Once function is restored, strengthening exercises are performed along with any education and re-training on correct lifting techniques. Educating patients on good spinal mechanics is a great way to make sure that further injury and harm to the disc is avoided. The last phase of treatment of a disc injury is to ensure that we get specific on the functional demands of the person and design a specific higher level rehab program to meet these demands. Not only does this improve strength, but it also provides the patient with confidence that they are able to function again safely.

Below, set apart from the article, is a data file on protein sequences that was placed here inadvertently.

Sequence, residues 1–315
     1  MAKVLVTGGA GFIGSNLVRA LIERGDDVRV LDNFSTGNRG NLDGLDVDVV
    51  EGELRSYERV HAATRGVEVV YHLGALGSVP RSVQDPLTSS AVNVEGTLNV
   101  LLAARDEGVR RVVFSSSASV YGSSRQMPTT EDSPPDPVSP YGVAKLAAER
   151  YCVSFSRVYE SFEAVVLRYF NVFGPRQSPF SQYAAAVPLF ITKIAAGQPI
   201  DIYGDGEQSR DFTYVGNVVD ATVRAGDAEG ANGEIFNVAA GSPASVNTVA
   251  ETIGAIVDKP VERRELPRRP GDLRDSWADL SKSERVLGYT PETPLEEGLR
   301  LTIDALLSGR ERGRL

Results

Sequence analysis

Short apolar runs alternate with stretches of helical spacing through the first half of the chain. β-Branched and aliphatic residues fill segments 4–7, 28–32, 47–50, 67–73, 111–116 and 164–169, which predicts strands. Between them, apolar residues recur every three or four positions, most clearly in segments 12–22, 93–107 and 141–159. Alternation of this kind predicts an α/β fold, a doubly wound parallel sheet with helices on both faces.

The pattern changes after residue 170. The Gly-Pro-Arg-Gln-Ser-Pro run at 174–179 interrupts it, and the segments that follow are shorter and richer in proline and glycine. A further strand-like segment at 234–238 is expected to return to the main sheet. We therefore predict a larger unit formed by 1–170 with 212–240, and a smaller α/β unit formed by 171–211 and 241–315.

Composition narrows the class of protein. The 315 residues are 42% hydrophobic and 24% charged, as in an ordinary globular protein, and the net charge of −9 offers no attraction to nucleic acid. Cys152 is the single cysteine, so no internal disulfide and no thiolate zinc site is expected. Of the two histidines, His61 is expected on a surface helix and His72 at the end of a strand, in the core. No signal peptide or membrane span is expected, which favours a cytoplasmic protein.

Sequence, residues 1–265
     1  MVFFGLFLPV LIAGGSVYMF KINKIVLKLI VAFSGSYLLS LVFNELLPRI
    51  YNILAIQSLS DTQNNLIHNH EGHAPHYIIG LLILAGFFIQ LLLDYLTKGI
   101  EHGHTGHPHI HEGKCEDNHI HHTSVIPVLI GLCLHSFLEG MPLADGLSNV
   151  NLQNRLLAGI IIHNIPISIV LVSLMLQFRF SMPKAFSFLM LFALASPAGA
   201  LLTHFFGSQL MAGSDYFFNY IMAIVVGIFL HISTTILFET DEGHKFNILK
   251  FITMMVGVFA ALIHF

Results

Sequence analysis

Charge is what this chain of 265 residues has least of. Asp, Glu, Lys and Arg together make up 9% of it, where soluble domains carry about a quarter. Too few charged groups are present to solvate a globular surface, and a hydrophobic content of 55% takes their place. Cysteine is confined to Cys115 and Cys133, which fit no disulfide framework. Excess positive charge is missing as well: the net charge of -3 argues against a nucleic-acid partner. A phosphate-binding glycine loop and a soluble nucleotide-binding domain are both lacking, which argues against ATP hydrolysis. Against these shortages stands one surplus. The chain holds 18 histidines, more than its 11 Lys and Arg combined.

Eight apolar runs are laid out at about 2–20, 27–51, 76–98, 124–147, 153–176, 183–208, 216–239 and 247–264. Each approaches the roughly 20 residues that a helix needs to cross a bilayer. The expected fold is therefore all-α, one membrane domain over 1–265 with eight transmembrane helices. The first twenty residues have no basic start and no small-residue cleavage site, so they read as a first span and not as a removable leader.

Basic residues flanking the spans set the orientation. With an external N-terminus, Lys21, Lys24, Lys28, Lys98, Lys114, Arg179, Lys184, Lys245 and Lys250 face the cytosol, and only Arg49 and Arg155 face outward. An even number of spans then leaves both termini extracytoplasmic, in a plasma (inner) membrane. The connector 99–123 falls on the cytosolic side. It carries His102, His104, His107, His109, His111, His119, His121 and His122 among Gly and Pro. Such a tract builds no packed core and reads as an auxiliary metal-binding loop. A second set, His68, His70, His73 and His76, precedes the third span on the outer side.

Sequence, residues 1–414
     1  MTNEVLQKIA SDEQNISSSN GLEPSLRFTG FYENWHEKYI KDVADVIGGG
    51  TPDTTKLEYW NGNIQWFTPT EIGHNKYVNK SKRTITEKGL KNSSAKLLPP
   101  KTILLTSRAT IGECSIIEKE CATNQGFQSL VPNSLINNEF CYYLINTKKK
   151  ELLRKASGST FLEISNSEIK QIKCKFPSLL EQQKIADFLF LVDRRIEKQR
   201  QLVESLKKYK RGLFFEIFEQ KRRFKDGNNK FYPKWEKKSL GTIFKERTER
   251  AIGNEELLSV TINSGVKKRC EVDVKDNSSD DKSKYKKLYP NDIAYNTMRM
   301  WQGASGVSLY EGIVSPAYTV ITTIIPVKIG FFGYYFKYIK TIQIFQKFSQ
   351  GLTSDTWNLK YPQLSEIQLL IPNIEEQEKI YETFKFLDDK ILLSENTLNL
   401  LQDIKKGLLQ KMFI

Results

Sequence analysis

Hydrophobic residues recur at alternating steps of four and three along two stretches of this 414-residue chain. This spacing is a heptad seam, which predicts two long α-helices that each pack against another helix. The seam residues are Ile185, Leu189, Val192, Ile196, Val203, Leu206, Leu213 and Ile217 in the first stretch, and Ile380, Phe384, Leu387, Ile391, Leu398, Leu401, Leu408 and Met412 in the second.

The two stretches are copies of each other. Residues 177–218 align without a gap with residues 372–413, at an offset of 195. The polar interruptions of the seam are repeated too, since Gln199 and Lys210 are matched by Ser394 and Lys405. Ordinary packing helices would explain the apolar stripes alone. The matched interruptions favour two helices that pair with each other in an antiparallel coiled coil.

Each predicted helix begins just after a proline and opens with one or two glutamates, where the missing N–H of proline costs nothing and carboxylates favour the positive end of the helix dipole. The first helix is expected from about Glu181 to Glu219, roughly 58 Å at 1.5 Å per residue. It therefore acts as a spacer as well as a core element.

Unfortunately, far too often we see people stop the rehab of a disc injury far too early. This is often at the point where pain has gone and movement has returned. Without good movement re-training and increased strength there is a likelihood of the disc injury returning (and even worsening).

In closing, it is important to remember that not all lower back pain is the result of injury to the disc. In many cases, it is referred to non-specific lower back pain meaning that the pain in the back is not due to damage to any one particular structure. However, discogenic lower back pain is quite common and the key take home message is to see a physiotherapist for assessment, diagnosis and treatment. In a lot of cases, it can be managed conservatively without the need for invasive procedures.